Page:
Look for the learning. Use it as a lesson. Don’t let it happen again. Move on.

Before you quit, try

In my experience, people tend to quit too soon. For example, there are millions of blogs out there, which were abandoned after the blogger wrote a couple of dozen posts. Before these blogs had the chance to become massively valuable assets, the blogger decided it wasn’t working and quit. Instead of starting with a commitment to write regularly for at least a year before quitting, they became disheartened and gave up. They set it up so that it was impossible for them to succeed, by quitting unreasonably early.

If you are going to try something, really try. Make a commitment based on realistic data – then stick to it. This will cause your success rate and your self belief to soar like a rocket!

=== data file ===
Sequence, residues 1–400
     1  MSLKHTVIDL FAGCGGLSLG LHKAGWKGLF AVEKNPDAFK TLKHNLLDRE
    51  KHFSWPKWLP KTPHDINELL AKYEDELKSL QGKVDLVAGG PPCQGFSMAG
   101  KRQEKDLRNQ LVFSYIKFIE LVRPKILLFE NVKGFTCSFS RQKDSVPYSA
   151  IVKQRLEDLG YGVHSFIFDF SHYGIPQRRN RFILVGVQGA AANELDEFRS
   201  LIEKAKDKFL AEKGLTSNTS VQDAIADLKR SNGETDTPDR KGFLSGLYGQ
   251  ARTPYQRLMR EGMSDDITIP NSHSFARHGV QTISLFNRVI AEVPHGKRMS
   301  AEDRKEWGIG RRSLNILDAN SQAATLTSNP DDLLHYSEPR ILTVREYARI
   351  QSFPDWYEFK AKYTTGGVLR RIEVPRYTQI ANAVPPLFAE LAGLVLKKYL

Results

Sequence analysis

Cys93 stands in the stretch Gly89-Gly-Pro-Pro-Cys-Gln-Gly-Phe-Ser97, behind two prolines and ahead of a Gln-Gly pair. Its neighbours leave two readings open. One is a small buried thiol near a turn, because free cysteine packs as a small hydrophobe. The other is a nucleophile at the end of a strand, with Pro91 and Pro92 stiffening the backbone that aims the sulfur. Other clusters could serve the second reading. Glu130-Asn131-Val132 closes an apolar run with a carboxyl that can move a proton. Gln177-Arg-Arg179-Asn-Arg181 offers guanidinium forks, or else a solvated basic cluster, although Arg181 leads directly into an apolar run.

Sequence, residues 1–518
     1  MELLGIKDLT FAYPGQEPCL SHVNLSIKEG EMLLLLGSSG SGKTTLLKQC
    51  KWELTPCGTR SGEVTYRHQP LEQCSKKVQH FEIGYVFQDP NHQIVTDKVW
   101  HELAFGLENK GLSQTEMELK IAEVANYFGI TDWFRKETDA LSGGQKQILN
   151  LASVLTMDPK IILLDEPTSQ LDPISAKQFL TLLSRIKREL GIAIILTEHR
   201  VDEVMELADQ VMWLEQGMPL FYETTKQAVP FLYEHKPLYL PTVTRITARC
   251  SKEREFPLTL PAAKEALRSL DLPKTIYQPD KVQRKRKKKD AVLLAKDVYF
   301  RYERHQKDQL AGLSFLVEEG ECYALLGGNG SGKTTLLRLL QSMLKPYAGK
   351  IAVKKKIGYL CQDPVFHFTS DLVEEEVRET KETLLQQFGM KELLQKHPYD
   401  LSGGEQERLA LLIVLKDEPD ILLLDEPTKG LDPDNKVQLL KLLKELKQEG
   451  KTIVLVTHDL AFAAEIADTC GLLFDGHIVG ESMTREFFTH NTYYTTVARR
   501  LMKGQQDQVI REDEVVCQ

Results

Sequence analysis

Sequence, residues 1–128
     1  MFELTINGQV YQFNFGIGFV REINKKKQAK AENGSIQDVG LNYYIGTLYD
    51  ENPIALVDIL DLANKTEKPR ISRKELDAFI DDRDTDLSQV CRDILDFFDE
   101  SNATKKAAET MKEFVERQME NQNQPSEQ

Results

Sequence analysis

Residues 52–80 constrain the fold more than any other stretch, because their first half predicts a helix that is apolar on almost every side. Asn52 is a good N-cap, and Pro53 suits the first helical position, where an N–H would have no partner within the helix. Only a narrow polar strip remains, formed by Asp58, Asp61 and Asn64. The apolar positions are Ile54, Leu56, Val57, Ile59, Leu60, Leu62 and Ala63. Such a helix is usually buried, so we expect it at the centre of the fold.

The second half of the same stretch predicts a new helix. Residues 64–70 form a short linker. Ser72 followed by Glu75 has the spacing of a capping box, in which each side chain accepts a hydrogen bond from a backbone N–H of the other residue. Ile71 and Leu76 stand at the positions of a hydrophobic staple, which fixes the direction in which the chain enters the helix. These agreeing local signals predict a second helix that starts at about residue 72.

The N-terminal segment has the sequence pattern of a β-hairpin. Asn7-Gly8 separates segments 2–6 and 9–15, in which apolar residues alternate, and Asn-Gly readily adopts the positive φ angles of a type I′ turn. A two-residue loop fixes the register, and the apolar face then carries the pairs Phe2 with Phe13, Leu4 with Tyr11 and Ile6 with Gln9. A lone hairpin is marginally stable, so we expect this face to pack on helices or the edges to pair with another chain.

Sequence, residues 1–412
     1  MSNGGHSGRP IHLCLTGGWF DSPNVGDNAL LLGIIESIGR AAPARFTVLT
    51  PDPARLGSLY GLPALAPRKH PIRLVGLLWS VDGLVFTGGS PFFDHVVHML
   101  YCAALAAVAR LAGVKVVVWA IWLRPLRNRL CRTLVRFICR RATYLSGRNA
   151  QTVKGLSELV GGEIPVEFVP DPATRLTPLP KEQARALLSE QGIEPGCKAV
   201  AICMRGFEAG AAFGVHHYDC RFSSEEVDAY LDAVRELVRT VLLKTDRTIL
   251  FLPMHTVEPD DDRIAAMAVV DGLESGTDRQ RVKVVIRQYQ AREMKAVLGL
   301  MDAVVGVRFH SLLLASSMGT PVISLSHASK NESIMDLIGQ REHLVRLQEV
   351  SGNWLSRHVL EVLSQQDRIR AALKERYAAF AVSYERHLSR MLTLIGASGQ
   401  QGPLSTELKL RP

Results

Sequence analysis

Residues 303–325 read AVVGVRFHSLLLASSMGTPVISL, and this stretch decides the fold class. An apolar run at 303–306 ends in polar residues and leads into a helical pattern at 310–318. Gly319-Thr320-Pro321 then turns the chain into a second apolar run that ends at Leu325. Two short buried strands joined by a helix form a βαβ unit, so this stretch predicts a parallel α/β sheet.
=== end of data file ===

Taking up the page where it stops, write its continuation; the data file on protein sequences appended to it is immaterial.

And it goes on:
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The quote this post was based on, was originally attributed to Hemingway. The correct attribution has now been applied and I’d like to thank Peter, a reader who kindly pointed out the error.

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41 Comments

  1. Jim,

    These are excellent life tips…Thanks for sharing. Best wishes for a fruitful, healthy and prosperous New Year!

    David

  2. Jim,

    I’ve seen this quote around before but never thought of applying it to business. Thank you for expanding it to be relevant to me.

    Brenda

  3. These are terrific tips – and I love seeing the first one especially. I’m an aimer, and far too often I see “gurus” encourage to just launch something and then figure out where it’s going. To me, that’s a waste of time.

    Have a wonderful new year Jim!